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Ganpatipule Temple – Timing - History - Ganpatipule Ganesh Mandir Information

Ganapatipule is a picturesque spot on the shores of Arabian sea in Ratnagiri District in Maharashtra. The place is famous for the Ganpatipule Temple dedicated to Ganesh atop a hill. The blue and white foaming sea, the white sands and the green hills with red mud which are typical of Konkan provide the setting for Ganpatipule Ganesh Mandir.

Ganpatipule Temple Timings

  • Morning Opening is at 5:00 AM
  • The temple is open throughout the day
  • Evening Closing is at 9:00 PM
  • Aarti Timings are 5:00 AM, 12:00 PM and 7:00 PM
  • Mahaprasad for visitors at 12:15 AM to 2 PM.
  • Devotees can offer puja on a symbolic murti daily from 7 AM to 11 AM.
  • Sankashti Chaturthi (fourth day after full moon day), palkhi departs for Pradakshina at 4:00 PM

Ganpatipule Temple History

It is obvious that our ancestors who were aware of the beauty of nature and the religious and divine feelings associated with such locations must have selected this hill near the sea-shore for Lord Ganesha’s abode.

The entire hill is considered sacred and there is a laterite paved stone path around the hill for circumambulation.

Ganapatipule was a small village in ancient times.

The temple has a history of three hundred years. A person in named Bhide discovered the temple spot and murti of Ganesha as per the divine guidance in his dream.

Pulan in vernacular means sand and as the deity is near the sea sand the place is named Ganapatipule.  Some people believe that Ganpatipule got the name from the white sand (Pule in Marathi) from which the murti of Lord Ganesh was crafted.

Importance Of Ganpatipule Temple

  • As per Mudgala Purana Ganesh temple, Ganapatipule temple is referred as Paschim Dwar-Devata (Western Sentinel God).
  • Ganpatipule is one of the Ashta Dwar Devatas.
  • It is also one among the eight important Ganesh temples in Maharashtra.
  • It is said that Ganesha had come in the dream of the founder of the temple and told him that hill behind the temples is Ganesha’s nirakar form. Those who worship and propitiate here will be relieved of all the  difficulties in life.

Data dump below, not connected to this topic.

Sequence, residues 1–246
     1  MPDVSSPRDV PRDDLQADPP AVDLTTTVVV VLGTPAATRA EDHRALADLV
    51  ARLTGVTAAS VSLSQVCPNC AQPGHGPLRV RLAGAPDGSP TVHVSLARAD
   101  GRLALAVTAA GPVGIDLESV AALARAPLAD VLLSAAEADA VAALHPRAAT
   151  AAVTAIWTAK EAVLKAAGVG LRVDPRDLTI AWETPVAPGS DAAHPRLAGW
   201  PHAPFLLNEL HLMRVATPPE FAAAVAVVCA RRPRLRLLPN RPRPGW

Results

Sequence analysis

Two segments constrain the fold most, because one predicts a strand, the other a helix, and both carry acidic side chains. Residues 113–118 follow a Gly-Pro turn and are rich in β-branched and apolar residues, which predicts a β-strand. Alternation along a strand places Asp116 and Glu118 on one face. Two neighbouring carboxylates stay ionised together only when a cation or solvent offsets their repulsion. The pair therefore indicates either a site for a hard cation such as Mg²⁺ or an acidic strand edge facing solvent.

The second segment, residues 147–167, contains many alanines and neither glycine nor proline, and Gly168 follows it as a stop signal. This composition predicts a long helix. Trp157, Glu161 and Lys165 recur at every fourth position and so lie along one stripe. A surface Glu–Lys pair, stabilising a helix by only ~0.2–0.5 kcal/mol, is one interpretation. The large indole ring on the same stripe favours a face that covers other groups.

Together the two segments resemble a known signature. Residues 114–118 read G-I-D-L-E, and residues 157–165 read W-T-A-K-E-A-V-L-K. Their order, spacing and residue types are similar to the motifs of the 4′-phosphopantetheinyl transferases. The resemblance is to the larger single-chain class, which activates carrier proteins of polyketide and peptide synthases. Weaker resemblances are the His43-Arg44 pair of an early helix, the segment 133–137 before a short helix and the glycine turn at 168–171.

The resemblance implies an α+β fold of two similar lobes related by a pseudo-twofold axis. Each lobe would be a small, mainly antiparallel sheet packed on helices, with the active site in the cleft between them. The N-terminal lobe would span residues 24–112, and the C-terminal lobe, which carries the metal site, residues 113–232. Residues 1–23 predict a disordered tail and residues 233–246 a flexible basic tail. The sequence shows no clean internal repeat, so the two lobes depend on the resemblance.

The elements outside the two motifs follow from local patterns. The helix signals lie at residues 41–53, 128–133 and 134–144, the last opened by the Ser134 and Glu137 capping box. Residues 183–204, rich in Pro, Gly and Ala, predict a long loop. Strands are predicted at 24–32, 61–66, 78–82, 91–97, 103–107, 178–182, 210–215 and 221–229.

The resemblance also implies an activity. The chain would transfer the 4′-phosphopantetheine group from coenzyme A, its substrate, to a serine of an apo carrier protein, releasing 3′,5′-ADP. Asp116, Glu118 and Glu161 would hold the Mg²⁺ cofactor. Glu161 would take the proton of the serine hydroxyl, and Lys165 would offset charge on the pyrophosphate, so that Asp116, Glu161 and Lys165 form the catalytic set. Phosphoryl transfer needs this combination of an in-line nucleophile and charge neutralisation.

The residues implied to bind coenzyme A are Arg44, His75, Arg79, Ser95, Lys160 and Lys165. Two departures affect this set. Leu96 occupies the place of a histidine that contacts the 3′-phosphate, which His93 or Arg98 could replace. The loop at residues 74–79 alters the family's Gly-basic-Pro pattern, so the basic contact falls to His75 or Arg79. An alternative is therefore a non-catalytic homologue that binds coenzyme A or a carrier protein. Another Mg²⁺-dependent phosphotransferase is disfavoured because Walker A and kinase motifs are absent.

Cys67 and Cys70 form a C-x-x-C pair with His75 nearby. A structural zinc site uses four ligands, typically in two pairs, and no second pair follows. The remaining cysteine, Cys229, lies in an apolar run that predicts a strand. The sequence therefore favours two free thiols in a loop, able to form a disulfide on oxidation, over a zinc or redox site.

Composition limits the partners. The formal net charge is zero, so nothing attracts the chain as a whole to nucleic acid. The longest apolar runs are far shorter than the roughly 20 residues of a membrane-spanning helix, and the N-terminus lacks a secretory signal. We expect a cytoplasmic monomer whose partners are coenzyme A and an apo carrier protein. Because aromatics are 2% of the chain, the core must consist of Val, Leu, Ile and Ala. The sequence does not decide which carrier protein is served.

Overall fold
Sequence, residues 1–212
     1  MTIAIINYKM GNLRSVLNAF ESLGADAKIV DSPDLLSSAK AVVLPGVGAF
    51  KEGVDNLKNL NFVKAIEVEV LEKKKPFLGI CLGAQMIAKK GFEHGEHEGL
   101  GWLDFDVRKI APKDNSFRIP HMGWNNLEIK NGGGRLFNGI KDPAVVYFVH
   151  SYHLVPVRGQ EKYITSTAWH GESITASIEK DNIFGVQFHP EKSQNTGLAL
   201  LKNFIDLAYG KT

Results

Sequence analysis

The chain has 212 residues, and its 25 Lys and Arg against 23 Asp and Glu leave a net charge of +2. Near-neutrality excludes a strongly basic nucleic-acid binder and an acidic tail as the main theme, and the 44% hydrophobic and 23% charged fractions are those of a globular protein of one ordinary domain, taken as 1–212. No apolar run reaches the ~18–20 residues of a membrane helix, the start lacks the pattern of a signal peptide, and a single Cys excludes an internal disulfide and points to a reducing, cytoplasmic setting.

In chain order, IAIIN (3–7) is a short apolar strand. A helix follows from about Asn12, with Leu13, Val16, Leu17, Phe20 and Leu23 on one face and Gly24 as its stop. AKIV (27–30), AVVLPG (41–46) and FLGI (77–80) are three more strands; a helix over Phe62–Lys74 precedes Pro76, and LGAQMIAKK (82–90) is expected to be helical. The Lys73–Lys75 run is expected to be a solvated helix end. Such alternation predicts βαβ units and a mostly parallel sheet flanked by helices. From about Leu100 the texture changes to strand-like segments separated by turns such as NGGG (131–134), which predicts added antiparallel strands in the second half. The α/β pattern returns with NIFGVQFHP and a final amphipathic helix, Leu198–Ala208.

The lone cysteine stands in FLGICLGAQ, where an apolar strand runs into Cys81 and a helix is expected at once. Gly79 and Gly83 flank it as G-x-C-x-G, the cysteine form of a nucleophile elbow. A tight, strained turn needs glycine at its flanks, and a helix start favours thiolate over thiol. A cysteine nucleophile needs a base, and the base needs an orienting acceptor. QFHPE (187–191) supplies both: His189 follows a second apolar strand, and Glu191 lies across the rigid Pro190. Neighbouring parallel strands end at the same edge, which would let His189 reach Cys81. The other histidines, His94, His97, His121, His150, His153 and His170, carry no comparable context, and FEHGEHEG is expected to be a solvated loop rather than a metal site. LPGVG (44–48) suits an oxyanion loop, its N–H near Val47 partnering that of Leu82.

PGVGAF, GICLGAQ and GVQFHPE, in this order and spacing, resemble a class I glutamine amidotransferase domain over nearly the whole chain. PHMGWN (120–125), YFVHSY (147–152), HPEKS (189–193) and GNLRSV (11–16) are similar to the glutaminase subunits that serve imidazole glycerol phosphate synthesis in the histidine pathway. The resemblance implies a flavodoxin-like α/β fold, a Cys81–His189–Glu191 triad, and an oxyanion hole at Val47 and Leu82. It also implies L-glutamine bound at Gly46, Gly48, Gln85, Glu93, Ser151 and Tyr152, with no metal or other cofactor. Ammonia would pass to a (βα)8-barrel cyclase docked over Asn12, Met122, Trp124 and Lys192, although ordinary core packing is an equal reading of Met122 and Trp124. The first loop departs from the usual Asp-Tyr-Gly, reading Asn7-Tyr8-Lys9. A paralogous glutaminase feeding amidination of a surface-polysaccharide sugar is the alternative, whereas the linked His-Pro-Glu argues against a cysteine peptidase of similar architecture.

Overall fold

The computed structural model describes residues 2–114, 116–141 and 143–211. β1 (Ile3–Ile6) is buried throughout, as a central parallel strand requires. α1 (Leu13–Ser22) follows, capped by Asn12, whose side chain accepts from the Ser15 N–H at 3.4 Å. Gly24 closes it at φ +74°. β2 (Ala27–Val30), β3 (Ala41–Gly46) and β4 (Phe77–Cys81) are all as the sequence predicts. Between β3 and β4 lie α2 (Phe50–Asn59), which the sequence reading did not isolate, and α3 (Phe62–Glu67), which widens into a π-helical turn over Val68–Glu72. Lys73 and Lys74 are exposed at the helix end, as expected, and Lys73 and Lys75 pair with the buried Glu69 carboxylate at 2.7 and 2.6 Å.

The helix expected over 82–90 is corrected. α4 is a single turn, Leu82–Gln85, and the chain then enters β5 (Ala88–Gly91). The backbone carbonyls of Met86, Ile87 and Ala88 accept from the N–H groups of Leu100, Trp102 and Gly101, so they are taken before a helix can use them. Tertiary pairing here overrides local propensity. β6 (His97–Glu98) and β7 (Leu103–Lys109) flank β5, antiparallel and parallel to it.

• The murti worshipped in the temple is Swayambhu that which appeared on its own.

Ganpatipule Temple Information

Hinduism teaches that God is seen and observable everywhere is stressed by such simple temple structures. Nature is valued and revered most and one feels the holy presence on the seashore on the full moon night when the high seas seem to chant the Vedic hymns.

The hill of Ganapatipule is itself deified and therefore the path of circumambulation is of importance to the devotees. There is a stone arch on the way to the temple and the path leading to the temple is paved.

There are dharamshalas, kitchen and temple offices on the way and very simple laterite retaining wall on the hill side.

The temple has east-west orientation and forms part of the hill behind.

 The Patwardhan family of Sangli proposed to construct a hall on the seashore between the temple and the sea, but nature’s temple that it is, the deity warned the Patwardhan’s against such plan and it was abandoned. The setting Sun’s rays over the Indian ocean still fall on the foot of the deity.

The temple is about 13 meters high and constructed in stone, wood and is covered with a tiled roof. The temple has undergone renovation in recent times and now spots a cream roof and terracotta walls.

Eight Deep Malas adorn the courtyard.

The Sabhamandapa has ten pillars and steps lead on to the sea sands.

Temple has doors on north, east and west.

Devotees take bath and dip in the sea and then proceed to perform pujas and rituals.
A well with fine steps and an impressive example of Konkan architecture can be seen in the complex.

The wood carvings in the temple depict monkeys, mythical birds, buffalos, fish, creepers, coconut trees and betelnut trees.

Two of the most important festivals are Ganesh Chaturthi (late August or early September) and another is Magha Shuddha Chaturthi (late January or early February). The Chaturthi (fourth day of the waxing phase of moon) is important here. The day becomes doubly auspicious when Chaturthi falls on Tuesday.